What would be nifty is, as the translations are rated and such, if my percentage goes up above some predetermined number (say 50), that I suddenly receive credit. Likewise, if the garbage I just plug in from google becomes too dissimilar from the final translation (falls below 50% let's say), then I would lose credit. This would make it really difficult for people to game the system, and would also encourage people to a) take more time with translations, and b) check back on documents they translated to follow up/edit their original translation. I don't know how difficult this would be to implement though.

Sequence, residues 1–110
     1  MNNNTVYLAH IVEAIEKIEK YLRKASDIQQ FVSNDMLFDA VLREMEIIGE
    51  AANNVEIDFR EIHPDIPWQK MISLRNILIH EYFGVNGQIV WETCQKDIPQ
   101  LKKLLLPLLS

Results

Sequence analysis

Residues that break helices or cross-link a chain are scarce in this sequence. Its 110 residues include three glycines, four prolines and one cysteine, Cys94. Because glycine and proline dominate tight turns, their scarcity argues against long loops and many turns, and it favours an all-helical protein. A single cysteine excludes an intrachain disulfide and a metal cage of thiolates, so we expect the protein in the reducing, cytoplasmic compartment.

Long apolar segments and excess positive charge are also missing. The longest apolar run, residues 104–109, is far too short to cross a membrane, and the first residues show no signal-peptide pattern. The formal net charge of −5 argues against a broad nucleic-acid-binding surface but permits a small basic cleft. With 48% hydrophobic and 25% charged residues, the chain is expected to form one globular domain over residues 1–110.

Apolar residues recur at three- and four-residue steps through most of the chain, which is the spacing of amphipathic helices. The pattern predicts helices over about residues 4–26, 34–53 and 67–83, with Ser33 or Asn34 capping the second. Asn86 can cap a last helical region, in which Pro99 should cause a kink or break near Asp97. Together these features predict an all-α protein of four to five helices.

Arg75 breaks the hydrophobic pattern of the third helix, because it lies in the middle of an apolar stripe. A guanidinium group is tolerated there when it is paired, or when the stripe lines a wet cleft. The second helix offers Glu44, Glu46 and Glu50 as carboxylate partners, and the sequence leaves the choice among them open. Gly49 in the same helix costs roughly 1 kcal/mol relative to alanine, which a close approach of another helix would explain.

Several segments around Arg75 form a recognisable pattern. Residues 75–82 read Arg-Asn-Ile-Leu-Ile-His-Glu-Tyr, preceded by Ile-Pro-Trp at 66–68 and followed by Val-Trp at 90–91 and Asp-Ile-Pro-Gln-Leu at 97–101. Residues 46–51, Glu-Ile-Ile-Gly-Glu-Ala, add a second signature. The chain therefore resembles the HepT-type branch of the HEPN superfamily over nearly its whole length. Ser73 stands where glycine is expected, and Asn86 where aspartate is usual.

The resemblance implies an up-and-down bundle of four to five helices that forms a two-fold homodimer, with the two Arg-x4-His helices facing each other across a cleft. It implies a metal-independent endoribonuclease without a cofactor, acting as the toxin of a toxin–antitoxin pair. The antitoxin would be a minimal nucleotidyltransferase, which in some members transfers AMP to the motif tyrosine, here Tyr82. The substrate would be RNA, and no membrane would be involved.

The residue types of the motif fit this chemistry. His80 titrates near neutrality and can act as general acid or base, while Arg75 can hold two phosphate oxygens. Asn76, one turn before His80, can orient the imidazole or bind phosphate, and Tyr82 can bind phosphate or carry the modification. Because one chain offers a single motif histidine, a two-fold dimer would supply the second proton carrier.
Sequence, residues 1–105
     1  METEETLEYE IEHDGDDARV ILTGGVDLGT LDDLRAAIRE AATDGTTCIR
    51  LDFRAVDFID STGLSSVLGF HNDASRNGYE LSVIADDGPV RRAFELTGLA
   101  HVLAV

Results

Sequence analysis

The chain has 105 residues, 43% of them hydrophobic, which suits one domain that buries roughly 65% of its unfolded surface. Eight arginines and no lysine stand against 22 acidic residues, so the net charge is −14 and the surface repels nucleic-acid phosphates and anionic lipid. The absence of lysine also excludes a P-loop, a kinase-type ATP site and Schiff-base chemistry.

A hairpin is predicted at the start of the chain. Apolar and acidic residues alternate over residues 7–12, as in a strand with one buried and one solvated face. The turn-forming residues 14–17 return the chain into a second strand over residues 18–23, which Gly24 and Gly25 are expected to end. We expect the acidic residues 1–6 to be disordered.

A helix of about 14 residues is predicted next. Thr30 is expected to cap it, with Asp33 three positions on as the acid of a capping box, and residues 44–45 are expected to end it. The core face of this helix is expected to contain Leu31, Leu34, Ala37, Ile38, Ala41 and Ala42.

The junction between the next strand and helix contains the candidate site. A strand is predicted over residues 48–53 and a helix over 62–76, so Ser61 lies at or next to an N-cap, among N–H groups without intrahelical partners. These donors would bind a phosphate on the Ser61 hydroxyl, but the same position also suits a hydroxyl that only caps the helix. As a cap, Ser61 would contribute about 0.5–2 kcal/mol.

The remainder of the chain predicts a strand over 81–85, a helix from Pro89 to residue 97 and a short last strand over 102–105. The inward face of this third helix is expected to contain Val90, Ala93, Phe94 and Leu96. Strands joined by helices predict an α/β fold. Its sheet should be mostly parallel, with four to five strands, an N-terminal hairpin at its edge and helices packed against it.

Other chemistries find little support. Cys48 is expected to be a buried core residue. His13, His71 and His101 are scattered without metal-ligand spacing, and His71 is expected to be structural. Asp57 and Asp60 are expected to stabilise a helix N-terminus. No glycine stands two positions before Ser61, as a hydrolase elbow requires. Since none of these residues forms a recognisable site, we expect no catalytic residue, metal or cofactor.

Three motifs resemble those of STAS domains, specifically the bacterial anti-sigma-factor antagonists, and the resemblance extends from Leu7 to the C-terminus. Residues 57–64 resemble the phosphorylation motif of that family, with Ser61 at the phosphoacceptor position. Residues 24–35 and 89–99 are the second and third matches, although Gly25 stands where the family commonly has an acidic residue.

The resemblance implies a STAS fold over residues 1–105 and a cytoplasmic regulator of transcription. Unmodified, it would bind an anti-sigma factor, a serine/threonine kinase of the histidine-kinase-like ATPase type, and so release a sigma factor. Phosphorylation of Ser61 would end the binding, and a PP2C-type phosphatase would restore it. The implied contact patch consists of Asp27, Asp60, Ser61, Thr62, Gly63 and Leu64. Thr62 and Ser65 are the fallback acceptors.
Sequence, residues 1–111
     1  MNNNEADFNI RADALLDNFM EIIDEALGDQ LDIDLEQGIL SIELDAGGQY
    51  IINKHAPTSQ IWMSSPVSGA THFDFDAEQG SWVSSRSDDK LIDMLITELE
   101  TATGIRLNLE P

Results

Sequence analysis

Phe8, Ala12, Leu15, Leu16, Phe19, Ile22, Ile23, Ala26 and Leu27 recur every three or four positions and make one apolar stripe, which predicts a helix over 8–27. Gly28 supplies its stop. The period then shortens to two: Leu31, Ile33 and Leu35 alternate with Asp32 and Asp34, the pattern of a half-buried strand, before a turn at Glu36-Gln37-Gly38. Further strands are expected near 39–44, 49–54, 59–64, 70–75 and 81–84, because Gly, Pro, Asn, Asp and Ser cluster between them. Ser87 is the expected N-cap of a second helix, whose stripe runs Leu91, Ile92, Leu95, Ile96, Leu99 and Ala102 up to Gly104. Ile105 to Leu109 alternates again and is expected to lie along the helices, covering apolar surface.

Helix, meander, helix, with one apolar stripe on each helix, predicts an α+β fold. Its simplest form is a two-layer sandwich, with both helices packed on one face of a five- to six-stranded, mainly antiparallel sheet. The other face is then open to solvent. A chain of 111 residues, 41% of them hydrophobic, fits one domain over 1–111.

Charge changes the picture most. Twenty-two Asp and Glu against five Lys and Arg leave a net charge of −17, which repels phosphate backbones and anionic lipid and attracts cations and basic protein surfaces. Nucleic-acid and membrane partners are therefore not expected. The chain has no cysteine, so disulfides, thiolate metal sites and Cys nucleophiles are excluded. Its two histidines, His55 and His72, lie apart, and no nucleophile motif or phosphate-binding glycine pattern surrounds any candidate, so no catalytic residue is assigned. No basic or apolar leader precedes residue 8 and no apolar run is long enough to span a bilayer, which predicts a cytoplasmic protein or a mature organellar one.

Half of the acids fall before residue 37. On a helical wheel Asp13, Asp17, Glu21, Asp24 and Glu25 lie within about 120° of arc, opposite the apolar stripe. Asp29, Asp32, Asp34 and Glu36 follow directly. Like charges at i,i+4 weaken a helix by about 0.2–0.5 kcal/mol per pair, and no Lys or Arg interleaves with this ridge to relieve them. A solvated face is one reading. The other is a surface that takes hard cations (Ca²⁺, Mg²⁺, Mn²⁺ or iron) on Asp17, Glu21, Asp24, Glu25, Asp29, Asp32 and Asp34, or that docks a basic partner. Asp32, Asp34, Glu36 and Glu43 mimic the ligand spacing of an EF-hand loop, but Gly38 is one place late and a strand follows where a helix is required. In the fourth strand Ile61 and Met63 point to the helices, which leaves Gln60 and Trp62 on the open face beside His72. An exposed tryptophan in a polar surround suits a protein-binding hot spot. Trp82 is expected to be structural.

@duodanny: I'm not sure I agree with you that people are submitting Goggle level translations just to rack up points, although you may well be right. That idea just hadn't crossed my mind before. But here's the thing. I think the majority of people that are here, are here to learn a new language, polish up old language skills, or specifically to do translations. I'm not convinced that points are actually a great motivator. But I could be wrong. After all, I like to see my own points go up to be sure. The points system is fun, and it's a concrete indicator of progress, but it's certainly not my main reason for being here, and, actually, if the points system were to go away, I wouldn't care. But let's say for a minute that points are a primary motivator to the majority of the Googleites. There are other ways to rack up points that don't take that much longer and are certainly more productive (10 points every time you practice the material you've been through to date, more points any time you do a vocab practice, no limit to the number of those you can do). As for your second idea about people just voting any which way on 10 translations so they can get their points... I'll point out that you get extra points for ranking translations in the current system right now, yet very few people seem to actually vote. If points were a strong driver, I'd expect people to quickly throw in a Google translation and then vote on as many candidates as possible, thereby maybe doubling the number of points received. But we don't see that. Instead, we see that typically most submissions haven't been voted on AT ALL!